According to the First Amendment, Congress “shall make no law” establishing religion or “prohibiting the free exercise thereof.” If we understand this to include secular as well as religious beliefs, then there should be no place for any official government endorsement of particular groups or movements, such as flying their flags. But at the same time, there must also be no restriction on the rights of such movements to freely express their own views, and fly their flags freely.

The political space that is separated from religion (or belief, or opinion) is open to all by virtue of its being a neutral space of mutual respect. Making sure that no beliefs are enshrined in law, and yet that none are prohibited in practice, paradoxically guarantees the freedom of belief.

Preserving such a space for exercising freedom has been the genius of American politics. Let’s keep it that way.

Adrian Kuzminski, retired Hartwick College philosophy professor and Sustainable Otsego moderator, lives in Fly Creek.

3 thoughts on “On Flying The Flag

  1. William

    That was a perfect article. Fly the US, State, County, City, and military flags on govt. property only.

  2. R. Seward

    Editor, The Freeman’s Journal:
    The Journal’s coverage last week of the controversy over the display of the Rainbow Flag lacks perspective–to the point of blindness–particularly where the Rainbow flag is conflated with the Confederate flag.
    The six stripes—red, orange, yellow, green, blue, and violet—of the 1978 Rainbow flag is a world-wide emblem representing an ongoing struggle for equal rights under the law for LGBTQ people.
    These rights are basic: the right to life, liberty, and the pursuit of happiness, to freedom of expression and association, to living openly without discrimination, to personal autonomy. The rights have to do with parenthood and families, intimate relationships, and protections in the workplace and in health care. In other words, the rights that all U.S. citizens enjoy.
    The modern display of the Confederate flag means something totally different. It means the denial of equal rights, it is about white supremacy, it is embraced by the Ku Klux Klan. It does not represent liberty and justice for all.
    As Consuelo Kraham Velez notes in these same pages, we “know what is really being ‘telegraphed’” with a Confederate flag display.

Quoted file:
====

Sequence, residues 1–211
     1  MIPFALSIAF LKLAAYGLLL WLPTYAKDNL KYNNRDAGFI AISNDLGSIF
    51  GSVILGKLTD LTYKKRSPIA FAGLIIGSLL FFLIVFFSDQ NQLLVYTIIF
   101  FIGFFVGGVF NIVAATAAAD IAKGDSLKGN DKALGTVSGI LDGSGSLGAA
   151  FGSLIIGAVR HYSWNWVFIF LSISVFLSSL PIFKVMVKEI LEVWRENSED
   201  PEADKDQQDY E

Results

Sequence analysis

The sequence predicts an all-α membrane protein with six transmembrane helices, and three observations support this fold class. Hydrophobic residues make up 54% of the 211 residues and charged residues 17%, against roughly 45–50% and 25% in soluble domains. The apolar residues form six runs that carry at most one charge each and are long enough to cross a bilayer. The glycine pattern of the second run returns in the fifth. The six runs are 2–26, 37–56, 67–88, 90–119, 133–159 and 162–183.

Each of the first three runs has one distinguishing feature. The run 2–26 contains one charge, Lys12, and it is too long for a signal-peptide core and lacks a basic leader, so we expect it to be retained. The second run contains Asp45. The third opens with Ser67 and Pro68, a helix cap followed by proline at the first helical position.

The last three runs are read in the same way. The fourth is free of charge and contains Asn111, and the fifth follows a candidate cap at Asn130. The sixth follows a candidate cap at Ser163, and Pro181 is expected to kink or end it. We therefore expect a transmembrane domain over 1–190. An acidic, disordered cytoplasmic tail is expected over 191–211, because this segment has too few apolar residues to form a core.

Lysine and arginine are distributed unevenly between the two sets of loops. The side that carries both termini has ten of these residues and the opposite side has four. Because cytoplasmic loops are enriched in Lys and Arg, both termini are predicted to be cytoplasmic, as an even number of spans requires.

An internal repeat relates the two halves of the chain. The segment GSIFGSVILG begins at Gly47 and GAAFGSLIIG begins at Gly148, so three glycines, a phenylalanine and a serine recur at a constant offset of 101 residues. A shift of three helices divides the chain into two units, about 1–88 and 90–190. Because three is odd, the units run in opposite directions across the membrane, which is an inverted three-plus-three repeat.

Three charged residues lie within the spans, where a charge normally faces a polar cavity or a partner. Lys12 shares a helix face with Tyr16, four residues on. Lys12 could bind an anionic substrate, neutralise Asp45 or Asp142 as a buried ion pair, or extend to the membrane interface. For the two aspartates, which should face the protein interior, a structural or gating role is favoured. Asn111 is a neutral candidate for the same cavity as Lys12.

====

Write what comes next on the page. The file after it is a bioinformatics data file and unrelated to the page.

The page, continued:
Under the Constitution’s first amendment any flag can be flown, including the Nazi flag. Would the Journal conflate that too with the Rainbow flag? Surely the Village Trustees, a body elected by the community, could and did make these distinctions.
    Recent Journal articles regarding the flag controversy are a near crib of Vice President Mike Pence’s June 2019 comments that “one flag should fly”—this in response to requests by U.S. embassies in Germany, Israel, Brazil, and Latvia to fly the Rainbow flag during Pride Month. Several embassies raised the flag without bothering to ask, and a number of U.S. states and cities promptly hoisted the flag over statehouses and city halls to show their support for equality.
    Pence has a long history of anti-LGBTQ views. He supports giving businesses and individuals the right to discriminate against LGBTQ people on religious grounds. And on Friday the administration took steps to rollback workplace protections regarding sexual or gender identity. In other words, you could be fired legally on the grounds of your sexuality or gender.
    Refusing to display the Rainbow flag on the grounds of patriotism as the vice president did, or on the grounds of the “neutrality of the political space,” as a Journal’ s columnist suggests, only plays into homophobia and gives it room to fester. The lived experiences of LGBTQ individuals shows how hollow that so-called neutrality is.
    Flying flags gives meaning in certain environments and at certain times. In the current climate, a public display of the Rainbow flag becomes all the more compelling. It makes the point: We support equal rights for the LGBTQ community in Cooperstown. We have your back.
    And look, being LGBTQ is not a “belief system” nor a “lifestyle.” That ab absurdo premise to an argument is as ridiculous as it is insulting and beneath contempt. The rich and famous have “lifestyles”, doctors and lawyers and millennials may have “lifestyles”. Being LGBTQ is about “life”.
    When the Stars and Stripes represents equal rights for all Americans, raising the Rainbow flag will be unnecessary.